Care for Holiday Plants
It's not just the holiday decorations that are brought out earlier and earlier every year, so, too, are the holiday plants, such as poinsettias and azaleas. The result is that these plants have to stay nice looking for longer than ever, so proper care is critical. If you keep them in the foil-covered pot, poke a hole in the foil for drainage and set the plant on a saucer. Often, these plants are rootbound, so check soil moisture frequently and keep it evenly moist. Bright, indirect light is best. Avoid placing plants near drafts, either from heating ducts or exterior doors. Conserve energy and keep the plants healthy by turning the thermostat down to 68 degrees F.
Prepare for Living Christmas Tree
Create great memories and a more beautiful yard by having a living Christmas tree each year and adding it to the landscape. Since the ground may be frozen by the time you're ready to plant the tree after Christmas is over (live trees shouldn't be kept indoors more than a week), prepare the planting site while the soil is still easy to dig. Evergreen Christmas trees are usually sold balled-and-burlapped, with the ball about 2 feet in diameter. Prepare a hole about 3 feet in diameter and 18 inches deep and fill it with leaves. Cover the soil removed from the hole with a tarpaulin.
Protect Young Tree Trunks
Young trees, especially ones planted this year, need some extra wintertime TLC for the best chance of success. Fluctuating day and nighttime temperatures can lead to a condition called sunscald, which damages the trunk. Protecting the trunk with some type of tree guard helps prevent this, as well as prevent rabbit, rodent, and mechanical damage. Although a variety of guards are available, the simplest, most economical is the white vinyl type that spirals around the trunk. Mulching around the tree is also beneficial, but keep the mulch several inches away from the trunk.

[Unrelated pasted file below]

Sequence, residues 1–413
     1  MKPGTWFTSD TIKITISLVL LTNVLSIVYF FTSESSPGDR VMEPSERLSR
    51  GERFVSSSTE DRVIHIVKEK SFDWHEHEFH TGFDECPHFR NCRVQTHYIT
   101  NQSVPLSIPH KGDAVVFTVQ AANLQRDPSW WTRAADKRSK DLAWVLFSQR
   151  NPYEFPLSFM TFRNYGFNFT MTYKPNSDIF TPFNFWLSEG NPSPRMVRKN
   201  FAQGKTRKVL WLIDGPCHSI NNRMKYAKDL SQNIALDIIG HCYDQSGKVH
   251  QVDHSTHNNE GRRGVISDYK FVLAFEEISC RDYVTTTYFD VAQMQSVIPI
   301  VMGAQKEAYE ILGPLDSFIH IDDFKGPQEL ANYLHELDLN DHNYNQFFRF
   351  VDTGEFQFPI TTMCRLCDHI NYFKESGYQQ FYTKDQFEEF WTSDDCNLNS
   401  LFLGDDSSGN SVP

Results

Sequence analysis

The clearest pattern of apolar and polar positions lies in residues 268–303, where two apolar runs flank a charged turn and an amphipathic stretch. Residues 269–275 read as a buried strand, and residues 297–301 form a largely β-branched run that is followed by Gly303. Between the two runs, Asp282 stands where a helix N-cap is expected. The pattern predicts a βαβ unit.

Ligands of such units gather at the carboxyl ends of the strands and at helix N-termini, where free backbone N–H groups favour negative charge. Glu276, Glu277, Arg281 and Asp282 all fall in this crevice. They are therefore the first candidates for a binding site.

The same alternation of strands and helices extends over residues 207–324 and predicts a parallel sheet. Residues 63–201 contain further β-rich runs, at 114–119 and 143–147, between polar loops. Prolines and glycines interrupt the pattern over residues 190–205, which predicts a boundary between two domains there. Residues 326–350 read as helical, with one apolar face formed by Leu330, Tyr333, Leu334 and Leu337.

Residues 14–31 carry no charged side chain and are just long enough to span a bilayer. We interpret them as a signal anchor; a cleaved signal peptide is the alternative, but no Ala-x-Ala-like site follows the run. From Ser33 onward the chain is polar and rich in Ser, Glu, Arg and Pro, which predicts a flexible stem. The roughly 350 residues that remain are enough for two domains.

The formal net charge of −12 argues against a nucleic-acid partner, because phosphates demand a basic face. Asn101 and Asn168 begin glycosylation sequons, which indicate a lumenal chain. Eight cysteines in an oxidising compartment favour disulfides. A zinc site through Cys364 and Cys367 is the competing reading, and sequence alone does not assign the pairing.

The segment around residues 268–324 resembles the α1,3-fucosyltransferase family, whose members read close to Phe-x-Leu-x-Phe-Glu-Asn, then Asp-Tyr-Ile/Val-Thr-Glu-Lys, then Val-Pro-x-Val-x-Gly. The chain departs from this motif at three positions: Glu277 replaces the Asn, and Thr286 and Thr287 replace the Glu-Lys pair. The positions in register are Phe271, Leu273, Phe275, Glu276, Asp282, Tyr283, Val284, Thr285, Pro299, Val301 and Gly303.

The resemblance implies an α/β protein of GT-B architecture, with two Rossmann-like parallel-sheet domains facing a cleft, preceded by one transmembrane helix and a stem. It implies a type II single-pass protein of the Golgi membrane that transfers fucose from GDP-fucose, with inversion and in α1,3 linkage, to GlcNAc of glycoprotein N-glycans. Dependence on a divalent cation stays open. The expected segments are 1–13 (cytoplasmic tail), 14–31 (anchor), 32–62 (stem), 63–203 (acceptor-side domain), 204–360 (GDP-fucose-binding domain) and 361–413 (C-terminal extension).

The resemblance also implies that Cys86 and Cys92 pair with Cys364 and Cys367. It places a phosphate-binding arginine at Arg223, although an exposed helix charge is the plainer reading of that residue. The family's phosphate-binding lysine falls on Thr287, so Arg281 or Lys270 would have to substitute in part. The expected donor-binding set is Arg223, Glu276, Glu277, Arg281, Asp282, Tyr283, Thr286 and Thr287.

If you don't already have amaryllis bulbs, treat yourself to some, and then let the large, beautifully colored flowers provide pleasure all winter long indoors by starting one or more bulbs every two weeks.
Control Mealybugs on African Violets
No, that isn't artificial snow on the African violets, those cottony specks on or near the crown of the plant and undersides of the leaves are leaf mealybugs. Left untreated, the plants will eventually die. First, isolate any infested plant to keep the insects from spreading. For light infestations, wipe the mealybugs with a cotton swab dipped in rubbing alcohol, then rinse plants with lukewarm water; repeat daily until pests are completely gone. For heavier infestations, try spraying with a botanical neem insecticide.